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Helping youth to cope with cancellations and loss

Over the past several years, young people have experienced many cancellations due to COVID-19 as well as other major societal changes. For youth, these losses can cause significant disappointment -- even feelings of grief. Cancellations of big life events like graduation were disappointing and disruptive, and some of these have continued as life has changed in some enduring ways. But young people can also experience these types of changes due to other causes, and even more, minor daily cancellations can result in similar feelings -- especially when they are mounting and ongoing.

The COVID-19 pandemic demanded a huge amount of flexibility and resilience for youth and their families. And it has left marks on the mental health and wellbeing of young people that continue to be the backdrop for dealing with the small changes, major losses and tough issues that life brings.

These losses can cause significant impacts on youth. Caring adults should recognize and address these feelings of ambiguous loss, which can have negative effects on their mental and physical health. If we help our young people to work through these challenges, they will emerge stronger, more resilient and better able to face future challenges.

What adults can do

Help young people to work through their feelings

  • Understand ambiguous loss: University of Minnesota professor emeritus Pauline Boss coined the term to describe losses that are not easily defined. The peak crisis of COVID-19 is full of these kinds of losses for all of us, but life can hold these for other reasons for youth, such as illness/injuries, major family changes or moves, or other changes beyond their control. Youth may miss out on major developmental and cultural milestones like graduations, school trips, prom and many others. Some youth are also socially isolated, and this can have negative impacts on their mental health and wellbeing. Caring adults must take this issue seriously and help youth process what is going on. 
  • Recognize grief: Elisabeth Kübler-Ross identified five common stages that people may pass through in the grieving process: denial, anger, bargaining, depression and acceptance. These steps are not necessarily linear, and some people may only experience some of them. They also can cycle back through them more than once. But this is part of a very normal (yet challenging) process. Try to adapt your messages for the stage of the grief cycle they might be in.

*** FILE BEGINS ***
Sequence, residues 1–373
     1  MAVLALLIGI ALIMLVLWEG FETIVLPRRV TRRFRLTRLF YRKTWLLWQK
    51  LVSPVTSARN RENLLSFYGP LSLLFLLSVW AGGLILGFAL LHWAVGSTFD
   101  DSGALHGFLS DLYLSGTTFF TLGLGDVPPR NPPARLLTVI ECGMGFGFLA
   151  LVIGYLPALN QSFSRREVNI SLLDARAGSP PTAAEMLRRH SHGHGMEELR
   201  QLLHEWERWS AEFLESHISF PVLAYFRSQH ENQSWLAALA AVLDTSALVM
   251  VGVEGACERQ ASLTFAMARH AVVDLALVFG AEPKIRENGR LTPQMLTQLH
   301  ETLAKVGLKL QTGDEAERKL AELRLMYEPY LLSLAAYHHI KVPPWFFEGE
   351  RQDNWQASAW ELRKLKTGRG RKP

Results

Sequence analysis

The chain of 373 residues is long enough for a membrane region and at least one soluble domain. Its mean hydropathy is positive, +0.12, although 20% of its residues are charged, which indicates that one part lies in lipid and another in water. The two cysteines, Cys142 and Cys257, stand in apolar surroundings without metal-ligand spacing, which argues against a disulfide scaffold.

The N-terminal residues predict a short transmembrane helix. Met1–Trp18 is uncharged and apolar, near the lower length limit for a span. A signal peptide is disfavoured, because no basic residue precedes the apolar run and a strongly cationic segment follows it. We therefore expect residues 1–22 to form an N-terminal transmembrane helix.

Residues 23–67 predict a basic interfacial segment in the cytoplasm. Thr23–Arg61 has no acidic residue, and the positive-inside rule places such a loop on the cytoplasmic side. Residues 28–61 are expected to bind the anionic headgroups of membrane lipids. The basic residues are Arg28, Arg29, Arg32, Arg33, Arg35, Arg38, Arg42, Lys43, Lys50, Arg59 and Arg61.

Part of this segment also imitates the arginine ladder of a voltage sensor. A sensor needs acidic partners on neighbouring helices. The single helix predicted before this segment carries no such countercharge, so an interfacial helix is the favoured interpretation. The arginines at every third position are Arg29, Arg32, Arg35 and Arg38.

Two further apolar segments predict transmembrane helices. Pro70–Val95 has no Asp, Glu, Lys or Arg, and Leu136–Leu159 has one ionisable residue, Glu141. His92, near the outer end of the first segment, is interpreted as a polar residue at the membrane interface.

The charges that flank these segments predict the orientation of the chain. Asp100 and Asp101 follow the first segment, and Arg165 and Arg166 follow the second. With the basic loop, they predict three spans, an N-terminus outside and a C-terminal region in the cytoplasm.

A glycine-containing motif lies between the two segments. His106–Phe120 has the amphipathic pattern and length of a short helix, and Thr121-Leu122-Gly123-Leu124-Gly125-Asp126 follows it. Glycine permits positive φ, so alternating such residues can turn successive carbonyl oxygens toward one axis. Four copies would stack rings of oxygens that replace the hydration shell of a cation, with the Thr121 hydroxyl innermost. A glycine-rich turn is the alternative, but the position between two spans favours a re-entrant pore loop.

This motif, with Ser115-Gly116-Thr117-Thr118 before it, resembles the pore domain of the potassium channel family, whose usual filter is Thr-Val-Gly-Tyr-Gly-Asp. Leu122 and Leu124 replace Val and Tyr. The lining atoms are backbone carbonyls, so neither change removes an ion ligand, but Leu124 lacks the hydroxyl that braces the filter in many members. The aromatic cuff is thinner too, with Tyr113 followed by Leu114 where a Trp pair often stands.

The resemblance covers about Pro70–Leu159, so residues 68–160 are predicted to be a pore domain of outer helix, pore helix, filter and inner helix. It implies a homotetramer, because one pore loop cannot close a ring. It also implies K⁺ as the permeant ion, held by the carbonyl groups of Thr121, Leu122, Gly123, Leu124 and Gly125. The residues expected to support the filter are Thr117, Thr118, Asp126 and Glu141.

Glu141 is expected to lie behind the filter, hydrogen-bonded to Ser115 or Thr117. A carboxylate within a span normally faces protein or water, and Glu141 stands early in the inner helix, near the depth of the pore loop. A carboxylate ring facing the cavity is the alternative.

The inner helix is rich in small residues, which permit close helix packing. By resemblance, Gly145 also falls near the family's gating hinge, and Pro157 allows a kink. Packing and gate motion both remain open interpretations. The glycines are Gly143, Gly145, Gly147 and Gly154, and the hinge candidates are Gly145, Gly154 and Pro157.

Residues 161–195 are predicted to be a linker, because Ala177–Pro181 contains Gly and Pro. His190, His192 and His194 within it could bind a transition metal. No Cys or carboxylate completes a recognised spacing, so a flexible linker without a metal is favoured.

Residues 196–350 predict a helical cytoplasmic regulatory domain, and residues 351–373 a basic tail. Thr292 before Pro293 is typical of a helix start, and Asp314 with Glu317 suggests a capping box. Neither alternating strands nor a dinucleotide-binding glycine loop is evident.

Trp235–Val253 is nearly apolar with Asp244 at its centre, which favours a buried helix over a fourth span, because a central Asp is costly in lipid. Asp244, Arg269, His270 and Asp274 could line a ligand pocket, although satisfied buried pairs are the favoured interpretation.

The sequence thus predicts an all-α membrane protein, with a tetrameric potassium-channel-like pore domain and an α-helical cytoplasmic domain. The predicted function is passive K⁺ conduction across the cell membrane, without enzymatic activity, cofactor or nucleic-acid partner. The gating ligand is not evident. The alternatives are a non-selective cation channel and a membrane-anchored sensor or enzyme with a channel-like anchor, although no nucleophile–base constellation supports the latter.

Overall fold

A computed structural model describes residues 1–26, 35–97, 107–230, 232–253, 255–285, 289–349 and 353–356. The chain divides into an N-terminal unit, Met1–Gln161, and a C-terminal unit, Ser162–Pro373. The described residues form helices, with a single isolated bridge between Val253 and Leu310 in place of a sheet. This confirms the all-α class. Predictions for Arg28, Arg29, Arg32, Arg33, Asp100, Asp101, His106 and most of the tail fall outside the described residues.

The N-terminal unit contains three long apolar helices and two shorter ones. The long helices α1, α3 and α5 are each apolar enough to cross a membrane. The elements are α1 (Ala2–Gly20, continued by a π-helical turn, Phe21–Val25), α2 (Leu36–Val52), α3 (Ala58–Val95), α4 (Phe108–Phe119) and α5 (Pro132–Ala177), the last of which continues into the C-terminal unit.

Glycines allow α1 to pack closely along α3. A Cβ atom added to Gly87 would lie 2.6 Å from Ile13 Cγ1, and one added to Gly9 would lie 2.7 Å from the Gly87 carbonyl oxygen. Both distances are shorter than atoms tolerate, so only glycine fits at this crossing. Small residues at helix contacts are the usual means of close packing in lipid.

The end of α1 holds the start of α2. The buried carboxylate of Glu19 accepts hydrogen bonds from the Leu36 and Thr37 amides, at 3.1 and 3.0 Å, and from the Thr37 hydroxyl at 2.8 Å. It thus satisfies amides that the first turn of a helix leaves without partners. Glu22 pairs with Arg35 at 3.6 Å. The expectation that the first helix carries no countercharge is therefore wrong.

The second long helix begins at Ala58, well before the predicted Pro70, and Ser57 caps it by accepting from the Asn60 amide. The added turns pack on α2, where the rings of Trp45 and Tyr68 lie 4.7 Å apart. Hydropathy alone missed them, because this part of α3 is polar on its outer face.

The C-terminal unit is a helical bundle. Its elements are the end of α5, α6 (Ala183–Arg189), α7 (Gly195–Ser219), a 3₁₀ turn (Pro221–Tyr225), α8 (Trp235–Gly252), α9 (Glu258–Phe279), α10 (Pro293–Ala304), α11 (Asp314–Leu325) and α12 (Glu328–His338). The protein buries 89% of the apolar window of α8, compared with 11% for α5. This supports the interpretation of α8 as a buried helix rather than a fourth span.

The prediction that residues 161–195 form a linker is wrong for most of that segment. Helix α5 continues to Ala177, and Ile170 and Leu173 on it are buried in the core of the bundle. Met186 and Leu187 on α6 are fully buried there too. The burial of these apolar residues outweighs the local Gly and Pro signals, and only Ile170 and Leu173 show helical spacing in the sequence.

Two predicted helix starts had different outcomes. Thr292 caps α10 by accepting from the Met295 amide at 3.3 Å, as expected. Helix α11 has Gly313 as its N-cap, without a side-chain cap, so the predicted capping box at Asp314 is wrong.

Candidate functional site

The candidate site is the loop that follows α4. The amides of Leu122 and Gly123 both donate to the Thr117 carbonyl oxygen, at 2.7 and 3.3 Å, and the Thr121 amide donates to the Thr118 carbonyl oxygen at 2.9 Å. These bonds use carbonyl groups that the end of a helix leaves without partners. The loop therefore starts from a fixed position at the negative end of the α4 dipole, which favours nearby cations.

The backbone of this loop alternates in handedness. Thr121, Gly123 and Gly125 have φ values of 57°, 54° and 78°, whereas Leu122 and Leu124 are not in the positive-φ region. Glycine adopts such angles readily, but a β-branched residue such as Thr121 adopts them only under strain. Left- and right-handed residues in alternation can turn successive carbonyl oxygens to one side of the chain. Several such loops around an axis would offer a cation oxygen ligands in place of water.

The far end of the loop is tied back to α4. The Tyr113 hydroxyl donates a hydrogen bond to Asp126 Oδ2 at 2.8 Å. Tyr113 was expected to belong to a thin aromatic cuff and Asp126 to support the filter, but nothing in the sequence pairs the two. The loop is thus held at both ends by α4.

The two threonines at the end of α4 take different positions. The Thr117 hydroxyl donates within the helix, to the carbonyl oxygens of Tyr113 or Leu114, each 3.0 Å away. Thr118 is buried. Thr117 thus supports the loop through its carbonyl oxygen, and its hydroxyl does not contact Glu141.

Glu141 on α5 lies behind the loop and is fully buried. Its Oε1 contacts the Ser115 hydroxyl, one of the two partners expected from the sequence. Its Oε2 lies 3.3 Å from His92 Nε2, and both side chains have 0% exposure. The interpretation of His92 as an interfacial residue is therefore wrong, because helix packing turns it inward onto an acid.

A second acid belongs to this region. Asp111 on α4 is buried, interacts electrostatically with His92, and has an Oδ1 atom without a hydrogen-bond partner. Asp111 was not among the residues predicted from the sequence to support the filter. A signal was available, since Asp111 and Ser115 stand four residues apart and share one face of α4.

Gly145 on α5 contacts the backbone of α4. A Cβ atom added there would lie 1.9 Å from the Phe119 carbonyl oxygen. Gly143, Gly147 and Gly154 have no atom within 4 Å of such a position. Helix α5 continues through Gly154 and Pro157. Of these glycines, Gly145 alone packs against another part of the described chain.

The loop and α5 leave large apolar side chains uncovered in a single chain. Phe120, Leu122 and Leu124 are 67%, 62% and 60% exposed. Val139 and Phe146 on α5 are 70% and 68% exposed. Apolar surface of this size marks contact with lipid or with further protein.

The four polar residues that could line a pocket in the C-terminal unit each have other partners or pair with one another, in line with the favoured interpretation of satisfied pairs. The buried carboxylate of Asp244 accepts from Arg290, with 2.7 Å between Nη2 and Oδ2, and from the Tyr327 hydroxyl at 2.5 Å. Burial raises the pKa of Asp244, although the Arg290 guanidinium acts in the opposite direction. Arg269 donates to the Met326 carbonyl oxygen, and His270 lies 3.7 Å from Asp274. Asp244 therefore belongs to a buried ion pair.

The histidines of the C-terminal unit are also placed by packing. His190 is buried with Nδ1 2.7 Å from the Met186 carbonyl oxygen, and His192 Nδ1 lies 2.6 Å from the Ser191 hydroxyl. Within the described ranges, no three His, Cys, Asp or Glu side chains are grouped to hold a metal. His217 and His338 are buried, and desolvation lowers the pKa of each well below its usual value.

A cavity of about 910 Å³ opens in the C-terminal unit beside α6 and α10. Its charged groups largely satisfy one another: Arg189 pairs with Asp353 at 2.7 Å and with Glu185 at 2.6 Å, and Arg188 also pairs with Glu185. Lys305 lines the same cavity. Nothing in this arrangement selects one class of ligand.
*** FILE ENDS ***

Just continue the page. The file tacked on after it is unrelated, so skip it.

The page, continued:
• Continue to connect with youth: Youth who have developmental relationships with caring adults have better outcomes, lower risk behaviors and are more likely to be on the path to thrive in life. Parents and other caring adults are understandably concerned about the impact that cancellations and losses have had on their young people.
    • Acknowledge their feelings. Encourage youth to express their feelings and physical sensations that come with the loss of the activity.
    • Encourage them to stay connected with their peers; this is their natural support group as an adolescent.
    • Be especially attuned to supporting youth who may not be as socially connected with peers or face barriers to connection.  Ask them what they need right now and how you might be able to support them.  
    • Shift focus to what they can control, such as their 4-H project work or service project. There are many 4-H activities they can do from home

Youth need outlets to express their feelings and thoughts. Healing occurs when a person accepts and moves through the emotions of fear, anger, and sadness to integrate a new reality, understanding what has been lost.

  • Offer new rituals:  Guidance from experts for helping navigate this time of changes and loss includes creating new routines and rituals in place of those that have been lost. Adolescents can be very creative and should be partners in problem-solving. 
  • Practice self-care. You are dealing with the loss and grief of canceled activities right along with the youth in your life. “Put on your own oxygen mask first before helping others.” In the midst of all of this, remember to be kind to yourself. By practicing self-care, you are modeling positive ways to deal with changes, anxieties, losses and strains.

During all times of major loss or change, have conversations with young people about loss and the emotions they are feeling.  Remember to show empathy and remind them that they are resilient and adaptable.  Encourage them to reflect on other challenges they have overcome in the past and to call upon the skills, strength and strategies they used to get through those tough times.

Conversation guide for families, clubs and groups

The Coping with Cancellations Conversation Guide is for families or groups of friends to discuss the impact of ongoing cancellations as a starting point for coping with loss. You can also use it when any life event creates a feeling of loss. The adaptable format ensures empathic listening and provides an activity to support healing and moving through feelings of disappointment, dashed hope, loss and concern for others. 

The Conversation Guide for Dialogue on Difficult and Important Topics is for families or groups of friends to have open conversations about racism, white privilege, sex, gun violence, mental health, death, politics, etc. It has guidelines for creating a safe space for sharing feelings, thoughts, concerns, ideas, etc., about important topics in a positive civil way. It can help you practice listening to different viewpoints without trying to fix or change them. 

Authors: Kathryn Sharpe and Karyn Santl, Extension educators

Reviewed in 2023

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